Question: Is it wise to append e-mail data?

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Answer: Maybe. Our experience is that data you collect from eager customers are always far better than data that you buy, because voluntary information is more reliable, more accurate and more current. Plus, it has the "stamp of approval" of the participant. It may also be cheaper, even factoring in the cost of any incentives or promotions.

So, we would first recommend that you focus on maximizing your e-mail capture efforts across all your marketing activities. Make e-mail sign-up prominent on your site, put calls to action in direct mail pieces and piggyback onto transaction e-mail messages.

While you pull all the levers to grow your list organically, append can be a good way to quickly build your list with people who have, at some point, contacted you or been a customer. You must be careful, however, because append can raise serious permission issues.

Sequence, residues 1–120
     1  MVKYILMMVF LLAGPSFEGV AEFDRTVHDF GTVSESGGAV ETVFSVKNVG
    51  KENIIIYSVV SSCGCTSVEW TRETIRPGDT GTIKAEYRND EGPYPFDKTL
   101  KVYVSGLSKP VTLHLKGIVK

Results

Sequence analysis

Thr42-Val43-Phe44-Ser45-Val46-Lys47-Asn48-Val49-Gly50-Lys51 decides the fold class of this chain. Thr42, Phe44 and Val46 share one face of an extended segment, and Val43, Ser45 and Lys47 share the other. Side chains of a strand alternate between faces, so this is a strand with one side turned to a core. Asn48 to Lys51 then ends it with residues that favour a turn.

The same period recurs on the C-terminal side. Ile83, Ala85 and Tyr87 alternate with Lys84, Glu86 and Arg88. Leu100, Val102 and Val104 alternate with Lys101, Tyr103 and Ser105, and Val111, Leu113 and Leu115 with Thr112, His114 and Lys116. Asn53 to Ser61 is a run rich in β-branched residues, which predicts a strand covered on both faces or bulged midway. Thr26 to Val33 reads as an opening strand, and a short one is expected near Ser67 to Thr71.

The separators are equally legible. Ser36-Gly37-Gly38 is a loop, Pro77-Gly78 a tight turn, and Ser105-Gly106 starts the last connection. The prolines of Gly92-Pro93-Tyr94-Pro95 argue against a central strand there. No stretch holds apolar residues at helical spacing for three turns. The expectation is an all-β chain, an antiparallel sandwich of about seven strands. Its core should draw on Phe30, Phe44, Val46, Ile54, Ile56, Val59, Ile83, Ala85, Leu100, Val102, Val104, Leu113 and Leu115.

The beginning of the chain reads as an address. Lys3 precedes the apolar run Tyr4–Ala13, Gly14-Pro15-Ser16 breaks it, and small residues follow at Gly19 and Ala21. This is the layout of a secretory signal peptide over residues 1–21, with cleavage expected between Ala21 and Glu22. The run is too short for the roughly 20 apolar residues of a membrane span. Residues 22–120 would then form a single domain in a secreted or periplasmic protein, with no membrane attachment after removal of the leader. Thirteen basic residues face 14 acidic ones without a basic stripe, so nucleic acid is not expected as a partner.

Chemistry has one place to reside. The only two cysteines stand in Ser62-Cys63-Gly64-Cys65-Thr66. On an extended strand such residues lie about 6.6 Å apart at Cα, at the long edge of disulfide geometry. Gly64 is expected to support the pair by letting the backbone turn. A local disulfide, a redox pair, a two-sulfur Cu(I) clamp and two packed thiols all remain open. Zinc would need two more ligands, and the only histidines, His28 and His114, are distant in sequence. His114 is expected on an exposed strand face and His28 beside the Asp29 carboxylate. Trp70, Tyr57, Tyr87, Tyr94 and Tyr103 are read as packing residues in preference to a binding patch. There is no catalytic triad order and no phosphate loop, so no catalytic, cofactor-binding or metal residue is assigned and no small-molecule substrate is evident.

The most important component to making append work is a good vendor. You want to feel comfortable with their collection techniques, matching integrity and processes, update cycles and validation of append requests. Keep in mind that you get what you pay for, so you’ll pay more money for more detailed—and higher quality—information. And data get old very quickly. So, if you do spend the money to gather such information, it’s to your advantage to use it quickly before e-mail addresses change and other data become obsolete.

Further, as with any new list, it’s always a good idea to send a welcome message—in addition to the validation your data house does—that lets customers know why they turned up on your list and clearly demonstrates why they’ll want to remain on the list. Some sort of incentive or coupon might also be helpful.

Finally, the rule that applies to all e-mail marketing activities applies even more to append: test, test and test again. Send to a small percentage of people to gauge interest—or anger level—before you blast every past purchaser.

The bottom line is to take care when appending data and be sure you don’t violate any agreements that you have with your customers. And work only with top-tier, high-quality data vendors.

Tami Monahan Forman is director, strategic services at Return Path, (, an e-mail performance company that provides deliverability, list quality and strategic solutions for marketers.

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